View from Czantoria

Travel from Warsaw to Ustroń Polana
A Spring Break of Quiet Solitude
~$150 for 2-3 days

Usually about the time spring break comes around in the US, I am ready for a week off class. I like to spend this time in some remote region where the sound of a car driving by is unlikely at any hour. This helps me get rejuvenated and catch up on readings and writings for myself, rather than having to focus on the readings and writings that graduate courses demand daily.

This spring break was no different for me in Poland. I was made aware that spring break, coinciding with Easter, meant that for two days — Easter Sunday and the Monday after — everything would be shut down, including train lines. I thus decided to make sure I planned my trip to leave Saturday and arrive to my location on the same day.

Finding peace at Ustron Wisla

I decided to head to Ustroń Polana in the Silesian Beskid Mountains (Beskid Śląski in Polish) in an area known as Silesia (Śląsk in Polish) in south-western Poland. It is not a particularly popular tourist area. It is surrounded by mountains and has a small population. It was thus my ideal spot for enjoying quiet time, nature, and hiking.

I was not disappointed: For three days, I enjoyed the Beskida Mountains and its many trails. I climbed to the top of Czantoria Wielka — one of the highest mountains in the Beskida range and found a post, marking the border between Poland and the Czech Republic. In fact, the very top of the mountain is where Poland and the Czech Republic meet, with Slovakia a bit of a further distance away. There is a tower located at the very top, which costs 5 zlote to enter, and after climbing to the top of the tower, one can take amazing photos of the landscape below.

Due to everything being closed on Sunday and Monday, I made sure to go to Ustroń Polana’s small grocery store (which is right across the street from the train station and cannot be missed) after arriving. I did manage to strike up a conversation with some locals on a hike, however (via my atrocious Polish, as English is a rare thing in an area like Ustron). I found out some local secrets – like that anyone who visits Ustroń Polana should eat at Karczma Góralska, which serves Goral cuisine (the Gorals, whose name means “highlanders” are an ethnographic group native to Southern Poland). Additionally, I was informed that there were Goral-style rooms for rent at a place called Karczma Góralska Jaszowianka. That hotel also organizes tours and trips in the mountains for visitors. Again, though, none of these things have service in English.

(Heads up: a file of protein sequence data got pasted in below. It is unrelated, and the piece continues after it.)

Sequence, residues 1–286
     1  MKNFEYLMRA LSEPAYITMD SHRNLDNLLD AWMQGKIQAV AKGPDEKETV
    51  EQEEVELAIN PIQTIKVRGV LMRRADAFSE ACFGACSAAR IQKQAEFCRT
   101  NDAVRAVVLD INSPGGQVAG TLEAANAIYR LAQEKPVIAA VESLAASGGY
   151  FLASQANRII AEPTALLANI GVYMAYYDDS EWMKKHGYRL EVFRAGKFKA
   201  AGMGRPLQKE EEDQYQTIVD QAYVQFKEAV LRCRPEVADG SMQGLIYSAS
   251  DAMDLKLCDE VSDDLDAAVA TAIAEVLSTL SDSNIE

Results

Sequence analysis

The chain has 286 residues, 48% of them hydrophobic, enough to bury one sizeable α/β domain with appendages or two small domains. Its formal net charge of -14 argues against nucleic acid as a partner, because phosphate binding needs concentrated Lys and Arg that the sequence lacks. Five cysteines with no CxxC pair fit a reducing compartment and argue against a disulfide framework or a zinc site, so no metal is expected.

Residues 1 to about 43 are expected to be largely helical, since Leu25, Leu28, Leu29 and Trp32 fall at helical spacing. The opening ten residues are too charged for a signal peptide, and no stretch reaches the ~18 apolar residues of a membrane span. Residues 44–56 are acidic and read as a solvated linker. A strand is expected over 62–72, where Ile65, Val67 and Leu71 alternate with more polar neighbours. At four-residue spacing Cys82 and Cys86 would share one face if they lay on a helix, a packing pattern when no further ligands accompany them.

Staircase to the outlook at Ustron

There is no hostel in Ustroń Polana, but there are a few hotels. Most are connected in some way to one of the many health resorts (apparently Ustroń is one of the top health resort towns in Poland) but the one that locals seemed to think was the best deal for foreigners is Hotel Wilga, as they apparently have staff that speaks English and very comfortable rooms.

In terms of budgeting as a student, a round trip train ticket to Ustron from Warsaw and back is about 130 zlote (about 33 USD roundtrip). If you are a student under age 26, however, then it is about 60-65 zlote (about 15 USD). I would probably bring about 300 zlote (about 75 USD) to spend on souvenirs, eating at a restaurant, and buying food at the local grocery store. If you wanted a hotel, that would run you about $75 for two nights, however, I found an excellent deal through Airbnb, and stayed at a house on a hill for about 10 USD a night. I also had the entire place to myself, so it really provided the isolated environment I was needing.

I came back from my experience refreshed and a bit more caught up on personal projects. Such travel is obviously not for everyone. However, if you like nature and/or solitude, I definitely recommend spending a couple of days in Ustroń Polana.

Rebekah Switala

Rebekah Switala

Rebekah Switala is a graduate student at the University of Texas at Austin. She is working on her Master’s degree in Central and East European Studies with specialization in women and gender. She received her BA from Western Michigan University in 2011, graduating magna cum laude, after which time she served as a Peace Corps volunteer in a women’s rights organization in North Moldova. She is studying Polish in Warsaw and is undertaking an internship at Political Critique there. She intends on pursuing a Ph.D. after completing her Master’s.

Rebekah is attending Security and Society
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